First of all, there's no right or wrong in here. The do's can be in some groups don'ts to a certain extent and vice versa. What I'm trying to say here is that what really decides what works and what doesn't is your group. These are merely things that I've used and they worked or didn't work for me. I'm hoping, still, that it may help you.
Use the familiarity to your advantage
I think that this is the main advantage of using such a familiar setting. You can use all those familiar alleys and streets, all those familiar restaurants and the like. The familiarity gives you the tools to describe better than you could otherwise. You just need to place an event in the famous Italian diner and they all know what you're talking about. Furthermore, if something is ain't as it used to be it will jump to their heads immediately, thus shortening the expositions that you'll need.
Have some of the people they know in there
There are those people that you know to imitate pretty damn well in your area. They can be great NPCs, as you already know them and this time you don't have to illuminate them. They'll automatically know who you're talking about, and little glitches won't damage the way they perceive the characters. It is advisable, though, to limit them to supporting roles.
Place major events in familiar places to all of you
Although I've said it in the first section, I do believe that it deserves a section of its own. Place a murder mystery in your favorite diner, with the owner as the victim and they're gonna do far more for him than for everyone else in a fictional world. They know who s/he is, and they have an emotional bond to her.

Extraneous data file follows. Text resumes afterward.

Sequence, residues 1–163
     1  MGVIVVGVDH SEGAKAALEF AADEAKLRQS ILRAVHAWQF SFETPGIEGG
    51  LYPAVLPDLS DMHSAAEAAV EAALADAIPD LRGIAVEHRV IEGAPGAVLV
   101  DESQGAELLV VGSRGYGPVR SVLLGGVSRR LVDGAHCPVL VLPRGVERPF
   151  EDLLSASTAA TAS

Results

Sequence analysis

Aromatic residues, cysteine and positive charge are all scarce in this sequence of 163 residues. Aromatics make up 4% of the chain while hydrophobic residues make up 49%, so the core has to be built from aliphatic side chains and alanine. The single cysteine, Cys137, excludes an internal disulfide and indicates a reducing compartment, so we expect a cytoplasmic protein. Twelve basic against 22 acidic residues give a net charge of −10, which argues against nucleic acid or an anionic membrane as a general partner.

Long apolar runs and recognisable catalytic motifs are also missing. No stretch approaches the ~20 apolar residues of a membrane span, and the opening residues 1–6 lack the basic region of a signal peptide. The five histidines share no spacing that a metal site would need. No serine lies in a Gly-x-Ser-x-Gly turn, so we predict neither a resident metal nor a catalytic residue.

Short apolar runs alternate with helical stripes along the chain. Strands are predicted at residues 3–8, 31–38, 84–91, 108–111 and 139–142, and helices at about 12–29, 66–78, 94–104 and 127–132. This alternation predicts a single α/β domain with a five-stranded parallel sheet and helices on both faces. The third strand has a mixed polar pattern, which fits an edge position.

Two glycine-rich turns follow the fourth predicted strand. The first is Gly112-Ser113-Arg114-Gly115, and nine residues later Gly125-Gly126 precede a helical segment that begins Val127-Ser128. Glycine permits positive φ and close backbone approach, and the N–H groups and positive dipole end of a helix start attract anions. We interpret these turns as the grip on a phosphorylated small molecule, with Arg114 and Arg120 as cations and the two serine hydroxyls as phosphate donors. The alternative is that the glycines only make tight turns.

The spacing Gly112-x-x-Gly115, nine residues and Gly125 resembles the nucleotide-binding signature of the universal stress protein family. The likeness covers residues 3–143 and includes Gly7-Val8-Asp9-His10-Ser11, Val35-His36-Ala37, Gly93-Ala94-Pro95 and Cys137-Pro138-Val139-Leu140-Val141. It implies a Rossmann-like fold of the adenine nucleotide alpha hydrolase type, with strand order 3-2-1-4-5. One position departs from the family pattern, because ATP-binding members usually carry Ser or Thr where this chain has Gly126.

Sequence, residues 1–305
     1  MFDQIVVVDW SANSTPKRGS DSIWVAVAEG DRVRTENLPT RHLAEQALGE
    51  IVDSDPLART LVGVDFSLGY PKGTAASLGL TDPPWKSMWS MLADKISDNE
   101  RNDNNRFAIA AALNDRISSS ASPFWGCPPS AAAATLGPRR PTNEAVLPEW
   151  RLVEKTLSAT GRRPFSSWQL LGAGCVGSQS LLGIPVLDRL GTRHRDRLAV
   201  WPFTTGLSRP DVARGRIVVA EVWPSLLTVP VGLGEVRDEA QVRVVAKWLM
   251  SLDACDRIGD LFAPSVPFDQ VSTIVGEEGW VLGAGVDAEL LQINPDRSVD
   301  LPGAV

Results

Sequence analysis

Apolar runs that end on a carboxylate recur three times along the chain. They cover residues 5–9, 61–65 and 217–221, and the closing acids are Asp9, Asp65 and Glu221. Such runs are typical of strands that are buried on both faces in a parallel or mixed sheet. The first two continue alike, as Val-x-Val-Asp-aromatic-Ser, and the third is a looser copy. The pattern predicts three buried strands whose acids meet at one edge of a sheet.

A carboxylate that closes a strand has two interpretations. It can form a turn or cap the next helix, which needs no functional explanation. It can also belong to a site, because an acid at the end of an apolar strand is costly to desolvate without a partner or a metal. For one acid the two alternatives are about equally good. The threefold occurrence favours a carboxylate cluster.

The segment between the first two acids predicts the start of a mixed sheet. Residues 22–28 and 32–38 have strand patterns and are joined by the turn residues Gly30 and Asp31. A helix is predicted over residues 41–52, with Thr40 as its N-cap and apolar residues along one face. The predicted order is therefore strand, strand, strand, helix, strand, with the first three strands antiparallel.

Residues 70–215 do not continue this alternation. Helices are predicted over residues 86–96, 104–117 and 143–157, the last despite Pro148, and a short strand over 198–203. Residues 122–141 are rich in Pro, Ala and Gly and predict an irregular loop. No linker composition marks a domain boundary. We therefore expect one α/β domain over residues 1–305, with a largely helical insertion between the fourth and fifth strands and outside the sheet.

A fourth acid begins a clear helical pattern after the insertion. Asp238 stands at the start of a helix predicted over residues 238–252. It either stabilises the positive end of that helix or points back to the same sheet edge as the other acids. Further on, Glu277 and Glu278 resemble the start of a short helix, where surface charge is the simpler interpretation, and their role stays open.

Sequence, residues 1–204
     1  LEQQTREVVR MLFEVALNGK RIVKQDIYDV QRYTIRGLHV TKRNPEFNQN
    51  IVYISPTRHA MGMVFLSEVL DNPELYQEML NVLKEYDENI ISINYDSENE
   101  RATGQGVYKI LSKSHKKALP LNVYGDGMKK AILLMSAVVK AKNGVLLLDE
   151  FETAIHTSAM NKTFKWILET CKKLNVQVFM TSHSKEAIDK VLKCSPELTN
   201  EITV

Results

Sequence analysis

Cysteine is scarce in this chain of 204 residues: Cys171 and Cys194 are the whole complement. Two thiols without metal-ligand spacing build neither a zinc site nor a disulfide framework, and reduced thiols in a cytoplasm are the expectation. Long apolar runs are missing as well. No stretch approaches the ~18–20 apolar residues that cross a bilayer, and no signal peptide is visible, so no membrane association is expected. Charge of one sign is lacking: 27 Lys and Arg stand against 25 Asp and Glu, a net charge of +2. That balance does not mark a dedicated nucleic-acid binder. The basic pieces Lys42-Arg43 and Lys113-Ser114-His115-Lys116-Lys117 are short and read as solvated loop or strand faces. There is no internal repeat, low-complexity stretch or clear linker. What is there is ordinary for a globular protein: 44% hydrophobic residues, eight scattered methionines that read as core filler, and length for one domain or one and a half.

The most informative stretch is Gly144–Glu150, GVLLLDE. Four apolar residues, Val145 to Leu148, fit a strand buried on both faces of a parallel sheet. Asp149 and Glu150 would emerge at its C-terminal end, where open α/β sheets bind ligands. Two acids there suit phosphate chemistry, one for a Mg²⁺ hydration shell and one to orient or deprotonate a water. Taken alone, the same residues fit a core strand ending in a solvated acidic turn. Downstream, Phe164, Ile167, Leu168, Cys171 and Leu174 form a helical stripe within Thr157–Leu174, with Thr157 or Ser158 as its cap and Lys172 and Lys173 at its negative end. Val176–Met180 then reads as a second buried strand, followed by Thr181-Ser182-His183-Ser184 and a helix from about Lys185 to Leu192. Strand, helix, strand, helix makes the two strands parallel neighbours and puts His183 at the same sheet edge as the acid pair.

Have some of the sessions in iconic places in town
If most of a particular session is going to take place in a square, why not playing the game in that square? Although it may be a little bit noisier and the like, they get the feel of the place, and they can search in real life. Maybe even hide some of the clues in the square as handouts.
Don't change too much…
The more you change, the less familiar it becomes. While this is not bad by itself, it surely takes from our goal here, of gaming in a familiar place. We still want them to feel that their in their own place, or all of the magic of GMing and gaming in your own town is lost.
…but don't leave it the same
We still want it to be a little bit different, though, or our hands are tied and so our possibilities. This means that something has to change. How much is up to you and your group, but it should be clear how much has been changed and how much remained the same.
Don't give familiar real-life persons center stage
They will always feel one of two options: too real compared to the characters or almost not real. While the first takes from the feel of the story and from the player's ability to connect to their characters, the second takes from the suspension of disbelief. Keeping them to the background enables you to enjoy from all of the believability bonuses from using them while keeping the negative side effects to the minimum.
And an end
These are my 2 cents on the topic. Hoping any of this will help you…